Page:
I grabbed my journal and wrote about the future–about the person I’d want to fall in love with next (slash forever). I wrote that he was tall and blonde and bearded, that he could play the guitar and that he loved to write and read, that he was nice to his mom and funny and sweet to me and to all of his friends and to strangers… I wrote about drinking coffee with him on lazy Sunday mornings. I wrote about his hands fitting perfectly in mine, my head cradled perfectly on his chest, my eyes fixated perfectly on his. It was all very Nicholas Sparks.

    Three weeks later, he opened his door and invited me into his apartment. He pushed me against the wall of his kitchen and kissed me. He held my hand as we both shivered, and he told me that I walked too fast for him to keep up. I imagined him, and there he was.

    Three years later, it exploded.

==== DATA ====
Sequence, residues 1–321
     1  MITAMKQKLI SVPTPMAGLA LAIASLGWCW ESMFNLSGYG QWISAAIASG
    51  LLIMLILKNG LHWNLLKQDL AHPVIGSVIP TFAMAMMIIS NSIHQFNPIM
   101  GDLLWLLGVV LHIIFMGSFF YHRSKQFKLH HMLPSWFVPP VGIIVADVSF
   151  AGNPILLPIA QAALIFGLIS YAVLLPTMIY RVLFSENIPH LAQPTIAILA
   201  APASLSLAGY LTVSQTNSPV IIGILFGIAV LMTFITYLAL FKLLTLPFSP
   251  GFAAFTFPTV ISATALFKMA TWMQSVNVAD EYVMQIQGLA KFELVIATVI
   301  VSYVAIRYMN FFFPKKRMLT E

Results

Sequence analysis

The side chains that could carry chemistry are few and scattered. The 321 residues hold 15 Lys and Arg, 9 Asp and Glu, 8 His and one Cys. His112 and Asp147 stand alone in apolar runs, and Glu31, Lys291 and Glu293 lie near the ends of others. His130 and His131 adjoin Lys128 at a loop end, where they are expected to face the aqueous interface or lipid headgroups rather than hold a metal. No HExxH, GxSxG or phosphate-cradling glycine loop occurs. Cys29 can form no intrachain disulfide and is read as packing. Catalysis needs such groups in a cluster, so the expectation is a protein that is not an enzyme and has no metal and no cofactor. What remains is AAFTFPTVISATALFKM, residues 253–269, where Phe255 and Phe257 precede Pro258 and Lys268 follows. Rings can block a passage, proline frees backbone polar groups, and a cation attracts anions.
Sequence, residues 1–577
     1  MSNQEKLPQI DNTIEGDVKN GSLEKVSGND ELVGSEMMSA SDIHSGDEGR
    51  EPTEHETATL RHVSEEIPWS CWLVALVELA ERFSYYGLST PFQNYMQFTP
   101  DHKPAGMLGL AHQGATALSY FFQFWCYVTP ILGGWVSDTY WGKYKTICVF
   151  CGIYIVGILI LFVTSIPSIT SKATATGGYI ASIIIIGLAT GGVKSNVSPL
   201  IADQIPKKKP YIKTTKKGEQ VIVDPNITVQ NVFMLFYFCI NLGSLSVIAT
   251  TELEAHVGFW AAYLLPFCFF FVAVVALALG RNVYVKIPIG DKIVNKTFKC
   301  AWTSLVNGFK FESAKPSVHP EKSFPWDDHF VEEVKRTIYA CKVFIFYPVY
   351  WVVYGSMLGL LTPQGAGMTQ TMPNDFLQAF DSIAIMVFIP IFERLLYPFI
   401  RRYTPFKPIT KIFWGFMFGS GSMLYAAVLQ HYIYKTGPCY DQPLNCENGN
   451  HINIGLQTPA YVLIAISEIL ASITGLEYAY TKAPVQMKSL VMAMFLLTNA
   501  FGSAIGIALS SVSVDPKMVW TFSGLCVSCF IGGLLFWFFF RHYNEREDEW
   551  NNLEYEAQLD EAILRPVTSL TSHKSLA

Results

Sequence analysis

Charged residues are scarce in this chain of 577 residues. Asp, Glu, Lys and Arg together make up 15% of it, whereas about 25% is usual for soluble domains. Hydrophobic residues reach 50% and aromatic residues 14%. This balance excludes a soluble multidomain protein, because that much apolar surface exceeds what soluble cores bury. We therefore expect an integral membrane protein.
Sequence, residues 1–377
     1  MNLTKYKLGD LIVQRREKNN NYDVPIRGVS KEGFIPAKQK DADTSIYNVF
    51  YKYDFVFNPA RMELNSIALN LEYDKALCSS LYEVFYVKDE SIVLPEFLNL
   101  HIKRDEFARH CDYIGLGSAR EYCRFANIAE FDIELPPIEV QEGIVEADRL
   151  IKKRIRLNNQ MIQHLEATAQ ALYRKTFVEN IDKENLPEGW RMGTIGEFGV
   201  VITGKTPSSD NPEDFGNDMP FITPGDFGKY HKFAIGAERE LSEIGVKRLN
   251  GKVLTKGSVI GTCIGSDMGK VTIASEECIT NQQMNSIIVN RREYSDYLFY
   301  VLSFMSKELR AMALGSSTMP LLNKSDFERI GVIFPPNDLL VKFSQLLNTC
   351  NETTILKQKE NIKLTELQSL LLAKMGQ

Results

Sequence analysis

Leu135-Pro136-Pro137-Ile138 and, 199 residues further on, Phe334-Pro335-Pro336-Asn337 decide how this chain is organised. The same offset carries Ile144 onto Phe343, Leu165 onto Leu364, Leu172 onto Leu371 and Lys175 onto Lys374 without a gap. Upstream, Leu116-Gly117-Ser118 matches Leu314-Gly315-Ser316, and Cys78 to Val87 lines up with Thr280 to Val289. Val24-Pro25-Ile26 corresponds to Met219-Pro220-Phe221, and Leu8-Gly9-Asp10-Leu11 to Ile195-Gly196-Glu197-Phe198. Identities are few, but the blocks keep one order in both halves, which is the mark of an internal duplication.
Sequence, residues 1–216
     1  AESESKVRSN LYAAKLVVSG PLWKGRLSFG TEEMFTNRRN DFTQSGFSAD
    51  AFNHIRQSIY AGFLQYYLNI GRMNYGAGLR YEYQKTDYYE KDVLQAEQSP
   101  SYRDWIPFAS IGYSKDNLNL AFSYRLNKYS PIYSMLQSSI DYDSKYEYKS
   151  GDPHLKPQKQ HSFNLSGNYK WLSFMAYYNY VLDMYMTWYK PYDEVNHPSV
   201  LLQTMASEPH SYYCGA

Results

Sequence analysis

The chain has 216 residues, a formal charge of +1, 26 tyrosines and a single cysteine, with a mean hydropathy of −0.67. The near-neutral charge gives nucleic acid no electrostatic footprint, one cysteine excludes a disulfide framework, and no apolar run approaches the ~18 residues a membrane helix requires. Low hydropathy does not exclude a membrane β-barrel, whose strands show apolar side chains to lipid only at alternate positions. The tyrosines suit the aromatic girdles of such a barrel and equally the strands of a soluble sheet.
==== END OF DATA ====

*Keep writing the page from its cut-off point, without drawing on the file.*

And now I don’t know what I want.

    Now I’m going on date after date and letting men buy me tacos and kissing complete frogs just to see if maybe, maybe, maybe someone will resonate with me. And they never do–not really anyway. “I don’t think your next great love is on that list,” my wife said as we talked about the men I’ve dated, “The way you talk about them–it’s just not the way someone talks about their next great love.”

    So for now, I’m joking about my vagina and wearing ratty tee shirts to bed and spilling all over myself. Just for now. Until I meet someone who compels me to be a little more fit. A little more ladylike. A little less like me.